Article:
Continuing with her journey through west Scotland, Liz and her partner Gareth travelled to the Isle of Skye, capturing its rugged beauty with her camera
Skye is the largest of the islands in the Inner Hebrides, and its history stretches back in time to when dinosaurs walked the land leaving footprints on the shores of Staffin beach on the north east coast of the island. It’s a magical mystical place infused in legend, with tales of giants and fairies who make their presence felt in the rock formations and glens.
The island has been inhabited for more than 6000 years, and it has a turbulent history. There are castles, clans and tales of Bonnie Prince Charlie who crossed over to the island whilst escaping to France disguised as a servant, after the failure of the Jacobite uprising of 1745.
There are mountains and water-falls, white beaches and a solitary lighthouse, a landscape where sheep and cattle roam freely throughout the farming crofts. Artists and artisans inspired by the landscape, produce textiles, pottery, jewellery and crafts in homely workshops and galleries. The open sea is teeming with wildlife, best explored by boat to the sounds of seabirds soaring on the wind.
It’s a perfect location to seek out the elusive Northern Lights and the dramatic sunsets are bewitching, silhouetting the islands of the Outer Hebrides across the Little Minch. The silvery waters mirror the sky like an artist’s canvas swept with brush strokes of gold, pinks, fiery orange and red.
Skye is an island of culture and tradition, where road signs are in Scottish Gaelic, a Celtic language native to Scotland still heard when locals are chatting.
It took 45 minutes by ferry to sail from Mallaig on the mainland to the 50-mile long island. As it was midge season on Skye (they were the most annoying here out of all our trip), we chose to stay at Lampay Chalets, a family croft situated on the north west of the island overlooking Dunvegan Loch. We shared the site with a flock of Cheviot sheep, hens, ducks and a pair of boxer dogs called Murphy and Skye. An idyllic, peaceful location that meant I only had to step outside, point my camera and click away to capture the most amazing sunsets.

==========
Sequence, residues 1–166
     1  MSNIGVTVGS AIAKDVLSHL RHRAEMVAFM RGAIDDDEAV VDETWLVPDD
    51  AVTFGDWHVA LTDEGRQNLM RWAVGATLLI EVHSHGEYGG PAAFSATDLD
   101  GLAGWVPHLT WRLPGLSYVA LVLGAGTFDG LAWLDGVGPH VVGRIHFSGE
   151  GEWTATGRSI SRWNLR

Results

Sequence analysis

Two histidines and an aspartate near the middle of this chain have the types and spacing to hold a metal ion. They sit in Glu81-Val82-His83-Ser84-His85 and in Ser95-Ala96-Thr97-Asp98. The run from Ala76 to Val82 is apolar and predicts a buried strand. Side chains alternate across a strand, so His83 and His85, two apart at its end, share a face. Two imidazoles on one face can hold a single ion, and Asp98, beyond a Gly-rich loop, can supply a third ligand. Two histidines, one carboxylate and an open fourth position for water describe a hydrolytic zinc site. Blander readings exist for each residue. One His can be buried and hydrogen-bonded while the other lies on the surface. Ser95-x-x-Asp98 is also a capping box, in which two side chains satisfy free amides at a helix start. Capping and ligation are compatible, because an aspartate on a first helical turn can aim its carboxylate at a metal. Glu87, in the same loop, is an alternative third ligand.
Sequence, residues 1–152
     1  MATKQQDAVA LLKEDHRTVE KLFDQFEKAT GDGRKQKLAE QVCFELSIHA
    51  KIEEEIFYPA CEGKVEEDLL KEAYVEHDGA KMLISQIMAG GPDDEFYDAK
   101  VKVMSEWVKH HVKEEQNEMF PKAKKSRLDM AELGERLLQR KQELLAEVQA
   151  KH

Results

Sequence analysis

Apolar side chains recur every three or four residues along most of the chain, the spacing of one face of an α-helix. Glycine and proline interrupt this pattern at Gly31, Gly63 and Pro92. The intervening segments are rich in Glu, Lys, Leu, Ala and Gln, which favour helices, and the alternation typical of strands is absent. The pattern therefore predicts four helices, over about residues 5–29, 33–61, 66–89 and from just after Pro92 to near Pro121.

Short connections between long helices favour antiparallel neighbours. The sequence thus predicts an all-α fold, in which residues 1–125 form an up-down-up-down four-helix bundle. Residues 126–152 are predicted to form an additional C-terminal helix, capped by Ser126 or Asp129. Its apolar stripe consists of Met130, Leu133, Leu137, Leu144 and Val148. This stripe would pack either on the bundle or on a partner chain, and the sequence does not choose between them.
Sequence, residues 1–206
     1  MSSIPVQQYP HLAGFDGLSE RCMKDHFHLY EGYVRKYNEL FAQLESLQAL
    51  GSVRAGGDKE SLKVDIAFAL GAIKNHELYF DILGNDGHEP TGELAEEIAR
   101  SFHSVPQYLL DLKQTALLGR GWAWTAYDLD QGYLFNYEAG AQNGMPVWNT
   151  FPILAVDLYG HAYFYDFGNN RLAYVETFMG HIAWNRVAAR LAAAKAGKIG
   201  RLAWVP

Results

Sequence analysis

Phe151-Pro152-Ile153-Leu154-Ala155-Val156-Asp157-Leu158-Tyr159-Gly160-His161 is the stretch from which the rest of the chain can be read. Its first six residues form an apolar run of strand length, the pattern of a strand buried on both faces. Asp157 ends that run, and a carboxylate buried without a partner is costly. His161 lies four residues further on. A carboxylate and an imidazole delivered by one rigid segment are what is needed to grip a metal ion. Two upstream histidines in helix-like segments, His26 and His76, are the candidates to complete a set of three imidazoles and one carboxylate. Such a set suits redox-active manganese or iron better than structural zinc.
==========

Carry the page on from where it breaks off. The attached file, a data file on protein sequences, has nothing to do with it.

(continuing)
The John Muir Trust looks after three estates on south-ern Skye, Torrin, Sconser and Straithard which covers the area between Broadford and the Cuillins, incorporating rugged coastline, peat lands, crofts and grand mountains. The Cuillin Range has 12 Munros – peaks above 3000ft (914m) formed by moraines, scree and frost shattered rocks created over 10,000 years ago. A paradise for walkers and climbers, the spectacular mountain landscape also becomes a familiar backdrop as you drive across the island.
Loch Slapin is a 6km long sea loch in the south west of Skye, the deep blue water is framed by several of the Cuillin Mountains including Bla Bhenin, an area where the transition from Black to Red Cuillin begins.
Old Sligachan Bridge has a tale attached to it; a fierce female warrior called Scathach roamed Skye, her reputation reached Ireland and Cu Chulainn the country’s favourite warrior travelled here to fight her. The battle raged on for weeks, Scathach had a daughter, who grew tired of the fighting, fearing for her mother’s life, she ran to the river tears flowing pleading for the fighting to stop. Unbeknown to her the water is a gateway between our world and the faerie world, they heard her plea and told her if she placed her face in the water for 7 seconds she would have a solution. She gathered ingredients from across the island and prepared a meal, the delicious smell reached the battling warriors, they took a break and returned to Scathach’s home to eat. Cu Chulainn had become a guest and that meant you can do no harm to your host or anyone within, the fighting ended, and a truce was called between the two. And to this day it is believed if you can brave the cold water that flows beneath the bridge and stick your face in it for 7 seconds, letting it dry naturally the Fairies will grant you eternal beauty, due to the tears of love that poured into the Sligachan River by Scathach’s beautiful daughter.